As anyone with small children can tell you, children as young as two are already starting to observe some of the basic aspects of the financial literacy topic spectrum. From wallets to shopping, little ones are indeed aware of and interested in money:
Between the ages of two and three, many children will start making requests to actually buy things in the store. So, how can a parent turn this early interest in money into early knowledge of the value of money?
For starters, using cash will increase the odds that your child will eventually understand the exchange process. This is not convenient. At all. With online banking, tracking and budgeting, the debit card and computer are more efficient tools of commerce.
To help motivate a cash-based life, it might be helpful to reflect on how the exchange process has evolved and devolved through time. Most people agree that a lack of financial education for consumers helped contribute to the real estate bubble that resulted in the (not-so) Great Recession. But, would this bust still have happened if we lived in the age of the gold standard and consumers had to trade a pile of gold each time they bought a home they wanted to flip? What if we still had a barter system… a bountiful harvest in exchange for a structure to live in? Well, perhaps sharecropping is a little extreme, but it make a point. Even though these historical economic systems may not have been as efficient as our current swipe-and-go way of life, there is no mistaking that our ancestors understood the value of what they bought and sold more clearly than many of us do today.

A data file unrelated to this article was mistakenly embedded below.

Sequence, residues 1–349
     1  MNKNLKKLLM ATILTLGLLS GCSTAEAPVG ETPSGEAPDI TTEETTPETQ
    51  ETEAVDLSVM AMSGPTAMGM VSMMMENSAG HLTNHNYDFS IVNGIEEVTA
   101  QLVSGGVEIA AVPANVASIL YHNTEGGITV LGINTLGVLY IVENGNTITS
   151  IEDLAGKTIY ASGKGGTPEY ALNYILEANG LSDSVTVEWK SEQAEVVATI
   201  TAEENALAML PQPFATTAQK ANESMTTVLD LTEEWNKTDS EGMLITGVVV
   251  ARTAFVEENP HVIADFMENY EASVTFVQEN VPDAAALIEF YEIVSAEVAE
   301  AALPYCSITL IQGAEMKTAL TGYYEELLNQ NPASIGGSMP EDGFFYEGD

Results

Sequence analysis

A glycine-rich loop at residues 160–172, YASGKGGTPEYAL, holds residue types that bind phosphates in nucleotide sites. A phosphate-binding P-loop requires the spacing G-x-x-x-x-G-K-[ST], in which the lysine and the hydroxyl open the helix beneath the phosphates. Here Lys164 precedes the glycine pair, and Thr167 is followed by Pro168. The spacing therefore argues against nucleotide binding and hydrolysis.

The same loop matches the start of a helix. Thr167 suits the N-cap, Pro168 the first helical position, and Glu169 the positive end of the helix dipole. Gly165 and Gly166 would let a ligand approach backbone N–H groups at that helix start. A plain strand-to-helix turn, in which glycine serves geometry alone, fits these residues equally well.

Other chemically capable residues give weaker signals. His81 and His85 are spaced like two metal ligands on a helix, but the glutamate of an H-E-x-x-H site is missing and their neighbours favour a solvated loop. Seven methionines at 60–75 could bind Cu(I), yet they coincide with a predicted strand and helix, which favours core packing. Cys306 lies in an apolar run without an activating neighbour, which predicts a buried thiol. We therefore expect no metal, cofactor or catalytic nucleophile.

The systems we have in place, as cool and futuristic as they get, do increase the risk that the lessons will be lost, not to mention the fact that it is much easier to spend more with cards (or a smart phone) than cash). If you have a young one, consider trying a cash-based life for a while. Make sure you know where your bank’s ATMs are located After all, moving to a cash-based system doesn’t have to mean moving to a fee-based system.